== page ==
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Posted: Monday, July 14, 2014 1:29 pm | Updated: 1:32 pm, Mon Jul 14, 2014.

When shopping at Spanish Market, take the time to talk with artists about their pieces. You’ll learn so much about traditional Spanish colonial arts, as well the dedication that goes into the work. Here’s an introduction to a few of the artists at this year’s market. 

 

James M. Córdova

Years in market: 25

Category: Retablos, bultos, altar screens

Home: Originally from Santa Fe. Now lives in Boulder, Colorado. 

Signature pieces: “I’m told that the expressions of my pieces are soulful. I’m also told that the colors that I use are particularly vibrant.”

How I learned: “A lot of it has been trial and error. … Ruben Montoya was the first one to take me into his workshop to show me how to carve.” Ramón José López and Charles M. Carrillo also provided mentorship.

Greatest inspiration: “My artwork connects me with my history, with my family, with New Mexico, with my culture, with my religion. I see the saints I make as sort of the larger family that I belong to, and as I produce this work, it makes me an active member of my family.”

What I love about market: “I love engaging in the extended family. All these artists … we’re peers, we’re brothers and sisters. It’s like a breath of fresh air. It energizes me.”

The role of mentoring: “Over the years you learn from seeing what other people are doing and you get ideas from them. Sometimes they tell you and sometimes they don’t, sometimes it’s visible and sometimes it’s not. It’s a very organic … way of informal learning.”

 

Rosina López de Short

Years in market: 26

Category: Retablos, relief carving

Home: Originally from Santa Fe. Now lives in Del Rio, Texas.

Signature pieces: “I base my work on the original santeros, and then I give it a little bit more flair. My faces are prettier, and my colors are more contemporary, brighter.” 

How I learned: “I started doing research on my own and introduced this to my students in my art classes [in Pojoaque] because I felt that the Spanish kids needed to know their heritage.”

Greatest inspiration: “My greatest inspiration would probably be the feeling I have for the Mother,” also known locally as La Conquistadora, Our Lady of Guadalupe and “La Virgencita,” the Mexican term of endearment for Guadalupe.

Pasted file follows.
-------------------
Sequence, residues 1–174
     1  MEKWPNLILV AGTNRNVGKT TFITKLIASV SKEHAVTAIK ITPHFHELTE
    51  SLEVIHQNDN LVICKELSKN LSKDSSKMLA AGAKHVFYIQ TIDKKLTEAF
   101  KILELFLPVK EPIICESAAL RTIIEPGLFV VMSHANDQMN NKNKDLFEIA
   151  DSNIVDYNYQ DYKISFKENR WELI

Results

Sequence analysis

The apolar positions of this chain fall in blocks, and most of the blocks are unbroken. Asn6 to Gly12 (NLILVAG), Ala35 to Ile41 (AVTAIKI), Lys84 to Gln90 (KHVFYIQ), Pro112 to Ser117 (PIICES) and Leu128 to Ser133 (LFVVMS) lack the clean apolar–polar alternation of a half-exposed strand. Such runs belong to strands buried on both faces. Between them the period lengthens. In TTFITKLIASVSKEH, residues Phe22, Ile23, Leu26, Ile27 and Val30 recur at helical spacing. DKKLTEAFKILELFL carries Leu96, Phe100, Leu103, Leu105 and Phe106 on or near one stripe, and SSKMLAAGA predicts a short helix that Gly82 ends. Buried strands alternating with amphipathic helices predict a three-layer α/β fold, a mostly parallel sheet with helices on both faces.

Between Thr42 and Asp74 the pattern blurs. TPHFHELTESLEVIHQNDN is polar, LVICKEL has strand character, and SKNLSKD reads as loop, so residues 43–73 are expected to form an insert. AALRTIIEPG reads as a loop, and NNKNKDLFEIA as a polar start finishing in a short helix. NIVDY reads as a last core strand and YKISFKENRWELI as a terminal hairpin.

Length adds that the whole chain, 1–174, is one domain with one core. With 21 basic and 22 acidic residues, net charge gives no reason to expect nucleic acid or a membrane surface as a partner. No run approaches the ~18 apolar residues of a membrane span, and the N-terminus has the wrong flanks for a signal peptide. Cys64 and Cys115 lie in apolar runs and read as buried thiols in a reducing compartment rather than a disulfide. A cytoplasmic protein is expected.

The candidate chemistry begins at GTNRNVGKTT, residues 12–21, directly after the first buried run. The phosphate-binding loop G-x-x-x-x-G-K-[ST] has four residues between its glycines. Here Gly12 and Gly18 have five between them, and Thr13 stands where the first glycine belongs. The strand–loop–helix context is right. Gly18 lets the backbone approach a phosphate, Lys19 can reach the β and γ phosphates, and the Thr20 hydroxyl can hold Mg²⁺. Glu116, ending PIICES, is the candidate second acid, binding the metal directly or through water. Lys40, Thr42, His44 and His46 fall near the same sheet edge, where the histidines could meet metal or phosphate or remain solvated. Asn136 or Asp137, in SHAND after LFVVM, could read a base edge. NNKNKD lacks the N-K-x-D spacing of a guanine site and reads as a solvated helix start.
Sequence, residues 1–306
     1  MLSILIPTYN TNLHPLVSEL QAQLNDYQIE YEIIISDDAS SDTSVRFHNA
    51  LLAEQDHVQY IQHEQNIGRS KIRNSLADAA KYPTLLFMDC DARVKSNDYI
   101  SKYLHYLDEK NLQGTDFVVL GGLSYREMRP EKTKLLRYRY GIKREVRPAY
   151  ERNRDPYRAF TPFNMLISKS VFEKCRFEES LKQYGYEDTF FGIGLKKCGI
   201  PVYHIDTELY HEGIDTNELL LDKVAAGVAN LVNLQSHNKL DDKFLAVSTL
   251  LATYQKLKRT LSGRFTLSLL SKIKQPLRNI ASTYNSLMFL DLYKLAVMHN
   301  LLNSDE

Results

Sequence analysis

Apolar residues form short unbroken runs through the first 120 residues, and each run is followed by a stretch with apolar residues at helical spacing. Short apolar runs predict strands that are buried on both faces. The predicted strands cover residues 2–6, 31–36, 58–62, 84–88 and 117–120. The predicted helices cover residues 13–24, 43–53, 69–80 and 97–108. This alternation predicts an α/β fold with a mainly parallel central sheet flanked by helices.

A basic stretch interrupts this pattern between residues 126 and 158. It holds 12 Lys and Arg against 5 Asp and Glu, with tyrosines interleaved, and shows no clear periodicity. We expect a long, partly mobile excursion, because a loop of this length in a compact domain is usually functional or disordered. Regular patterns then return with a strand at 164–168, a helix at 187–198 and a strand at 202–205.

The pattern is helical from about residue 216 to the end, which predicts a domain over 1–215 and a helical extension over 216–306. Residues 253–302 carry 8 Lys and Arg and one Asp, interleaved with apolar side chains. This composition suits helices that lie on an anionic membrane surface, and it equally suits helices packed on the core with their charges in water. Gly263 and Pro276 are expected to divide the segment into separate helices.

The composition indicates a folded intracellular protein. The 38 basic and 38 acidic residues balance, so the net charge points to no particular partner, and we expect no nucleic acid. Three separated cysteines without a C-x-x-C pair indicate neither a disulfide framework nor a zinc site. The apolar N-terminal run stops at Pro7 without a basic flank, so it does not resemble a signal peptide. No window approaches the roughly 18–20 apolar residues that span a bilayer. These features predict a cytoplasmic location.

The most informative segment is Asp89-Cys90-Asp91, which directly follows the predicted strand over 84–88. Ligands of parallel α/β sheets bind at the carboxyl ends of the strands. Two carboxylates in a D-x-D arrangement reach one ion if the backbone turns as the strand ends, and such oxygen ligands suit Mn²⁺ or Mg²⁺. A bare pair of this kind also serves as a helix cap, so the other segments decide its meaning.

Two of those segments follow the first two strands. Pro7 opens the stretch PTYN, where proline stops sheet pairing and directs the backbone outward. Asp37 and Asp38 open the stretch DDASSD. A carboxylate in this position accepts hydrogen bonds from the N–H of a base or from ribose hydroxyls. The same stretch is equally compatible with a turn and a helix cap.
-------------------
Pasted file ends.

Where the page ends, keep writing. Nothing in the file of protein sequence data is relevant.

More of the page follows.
What I love about market: “I love the beauty of it and the fact that I get to see my old friends, my old students from way back. … It’s just a very special thing.”

The role of mentoring: “I did mentor so many kids. … It was really a meaningful thing for me to share. And for me, I was learning right along with them.”

 

Nina Arroyo Wood

Years in market: 12

Category: Colcha embroidery

Home: Santa Fe

Signature pieces: Arroyo Wood emulates 18th-century techniques she learned by studying a colcha embroidery blanket from that period, including a distinctive stitch and very thin yarn. She weaves her own sabanilla (background cloth).

How I learned: After seeing a colcha demonstration, “I came home right away and got some thread and just started doing it, to try my hand at it. And then I completed it when I took a class from Monica Sosaya Halford.”

Greatest inspiration: “Everything in nature really inspires me: my garden, watching the hummingbirds come by, my cats. … I like to look at all sorts of shapes and pictures, Chinese art.” 

What I love about market: “I like demonstrating my spinning skills so that it may fascinate some younger people.”

The role of mentoring: “Monica mentored me. She taught me to do the colcha and then encouraged me, ‘You should go hang out at the ranch [El Rancho de las Golondrinas], and you should try market.’ I mentored my daughter-in-law, and she learned to spin.” 

 

Susie G. Garcia

Years in market: 8

Category: Weaving

Home: Santa Fe

Signature pieces: Rio Grande-style weaving. “I’m more traditional than most of the weavers.” 

How I learned: “I learned in Chimayó about 28 years ago from master weaver John Trujillo.”

Greatest inspiration: “John Trujillo is my inspiration. Learning from a master weaver … it’s hard to follow in his footsteps.” The weaving itself inspires Garcia. “You start a design with one idea in mind, then it turns into something else. As I weave, I create.”

What I love about market: “I think it’s meeting the people. Every year you see different people. One year something won’t sell, then the next year it does, because everyone has different tastes. And I get to meet people from all over and from different cultures.”

The role of mentoring: “Of course, John Trujillo. I’ve also been a mentor to my own daughters. All three weave. And I’ve taught my grandsons. … I hope my daughters carry it on when I’m gone. They do like it. It’s just that the younger generation would rather be in an office working on computers.”

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Welcome to the discussion.

Today’s New Mexican, July 24, 2014

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